The glyceraldehyde 3 phosphate dehydrogenase gene family: structure of a human cDNA and of an X chromosome linked pseudogene; amazing complexity of the gene family in mouse.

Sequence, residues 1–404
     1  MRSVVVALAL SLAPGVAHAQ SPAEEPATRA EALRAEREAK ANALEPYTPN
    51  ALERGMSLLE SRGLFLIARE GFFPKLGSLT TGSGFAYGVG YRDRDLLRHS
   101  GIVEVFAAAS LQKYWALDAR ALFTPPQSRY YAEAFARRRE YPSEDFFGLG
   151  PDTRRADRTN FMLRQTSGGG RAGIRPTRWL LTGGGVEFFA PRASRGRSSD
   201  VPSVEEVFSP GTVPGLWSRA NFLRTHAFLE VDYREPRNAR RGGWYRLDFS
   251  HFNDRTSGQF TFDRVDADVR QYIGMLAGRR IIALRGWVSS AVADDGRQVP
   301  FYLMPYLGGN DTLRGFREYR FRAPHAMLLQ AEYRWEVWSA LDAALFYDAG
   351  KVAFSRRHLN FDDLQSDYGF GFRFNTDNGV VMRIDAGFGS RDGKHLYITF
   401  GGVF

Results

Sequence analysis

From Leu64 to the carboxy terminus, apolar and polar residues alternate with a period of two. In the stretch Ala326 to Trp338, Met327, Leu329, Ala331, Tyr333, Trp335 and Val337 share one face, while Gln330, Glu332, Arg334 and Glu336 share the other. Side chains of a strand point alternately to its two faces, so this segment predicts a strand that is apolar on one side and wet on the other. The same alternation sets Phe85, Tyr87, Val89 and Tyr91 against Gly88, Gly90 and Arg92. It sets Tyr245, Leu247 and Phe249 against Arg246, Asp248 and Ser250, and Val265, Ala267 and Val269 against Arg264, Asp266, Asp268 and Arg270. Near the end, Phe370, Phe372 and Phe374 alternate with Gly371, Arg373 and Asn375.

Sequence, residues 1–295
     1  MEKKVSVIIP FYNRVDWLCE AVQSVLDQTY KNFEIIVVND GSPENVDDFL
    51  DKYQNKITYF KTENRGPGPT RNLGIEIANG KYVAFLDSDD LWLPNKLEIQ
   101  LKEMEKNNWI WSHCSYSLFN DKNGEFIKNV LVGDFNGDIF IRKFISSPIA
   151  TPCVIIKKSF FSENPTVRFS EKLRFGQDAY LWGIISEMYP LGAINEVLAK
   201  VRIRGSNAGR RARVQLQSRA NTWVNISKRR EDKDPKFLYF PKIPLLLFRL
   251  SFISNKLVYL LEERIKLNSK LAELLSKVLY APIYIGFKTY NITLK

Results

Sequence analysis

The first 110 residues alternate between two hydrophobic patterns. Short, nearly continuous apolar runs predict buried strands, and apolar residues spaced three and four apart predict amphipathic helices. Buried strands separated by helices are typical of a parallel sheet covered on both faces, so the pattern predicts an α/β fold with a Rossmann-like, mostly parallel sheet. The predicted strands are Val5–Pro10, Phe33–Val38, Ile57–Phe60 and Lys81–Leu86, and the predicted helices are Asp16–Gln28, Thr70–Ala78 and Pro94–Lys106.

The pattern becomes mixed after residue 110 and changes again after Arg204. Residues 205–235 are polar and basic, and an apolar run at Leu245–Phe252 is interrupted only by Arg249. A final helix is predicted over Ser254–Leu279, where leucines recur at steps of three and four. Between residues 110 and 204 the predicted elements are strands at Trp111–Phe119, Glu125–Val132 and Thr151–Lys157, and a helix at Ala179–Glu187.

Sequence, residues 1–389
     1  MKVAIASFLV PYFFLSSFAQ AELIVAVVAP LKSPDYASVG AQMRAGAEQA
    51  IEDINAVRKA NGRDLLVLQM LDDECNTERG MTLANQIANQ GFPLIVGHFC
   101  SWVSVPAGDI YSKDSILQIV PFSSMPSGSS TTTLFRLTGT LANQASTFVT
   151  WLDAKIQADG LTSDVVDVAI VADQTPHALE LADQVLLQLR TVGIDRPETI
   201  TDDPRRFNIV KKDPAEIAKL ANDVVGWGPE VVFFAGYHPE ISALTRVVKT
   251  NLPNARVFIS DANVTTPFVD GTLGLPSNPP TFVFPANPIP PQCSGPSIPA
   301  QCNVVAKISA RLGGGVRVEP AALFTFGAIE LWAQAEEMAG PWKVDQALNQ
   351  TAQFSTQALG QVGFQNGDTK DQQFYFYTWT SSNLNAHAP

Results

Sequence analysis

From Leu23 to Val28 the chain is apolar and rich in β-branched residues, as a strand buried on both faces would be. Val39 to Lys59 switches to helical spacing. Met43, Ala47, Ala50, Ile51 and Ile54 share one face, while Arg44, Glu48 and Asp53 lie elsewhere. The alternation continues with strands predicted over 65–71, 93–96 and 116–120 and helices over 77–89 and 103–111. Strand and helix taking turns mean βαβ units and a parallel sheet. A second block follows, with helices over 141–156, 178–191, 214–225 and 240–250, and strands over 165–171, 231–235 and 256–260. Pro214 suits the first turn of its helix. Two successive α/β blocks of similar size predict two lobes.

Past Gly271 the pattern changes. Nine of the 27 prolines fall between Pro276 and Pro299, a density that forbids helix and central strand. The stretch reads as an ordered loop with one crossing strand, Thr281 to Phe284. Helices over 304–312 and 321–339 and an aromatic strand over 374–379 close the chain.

In an experiment designed to find sequences common to a skeletal muscle cDNA library and an X chromosome specific library, we have isolated cDNA clones corresponding to glyceraldehyde 3 phosphate dehydrogenase (GAPD), (whose gene is assigned to chromosome 12), and a DNA fragment from the X chromosome short arm which contains an intron-less GAPD pseudogene. A 1210-bp cDNA sequence has been established which covers all of the protein-coding region, most of the 5' non-coding region and part of the 3' non-coding region. It corresponds to the major (and possibly unique) GAPD mRNA present in skeletal muscle. Unexpectedly, the amino acid sequence derived from the cDNA clones differs at 10% of the residues from that established for the human protein purified from skeletal muscle. The X-linked pseudogene has been localised in the p22-p11 region of the human X chromosome. It has the structure of a complete retrotranscript of a processed mRNA, including the poly(A) tail and is 96% homologous to the cDNA sequence. The pseudogene is flanked by a 15-bp direct repeat, and an Alu-like sequence is found in the 3'-flanking region. About 25 GAPD sequences are found in the human genome, 12 of which have high homology to the cDNA probe. A similar complexity is found in hamster. In contrast, the mouse genome contains an amazing number of GAPD related fragments (at least 200). The hybridization pattern suggests that this multiplicity has been generated by two different mechanisms: first the generation of approximately 40 different sequences, which were subsequently amplified (probably by tandem duplication).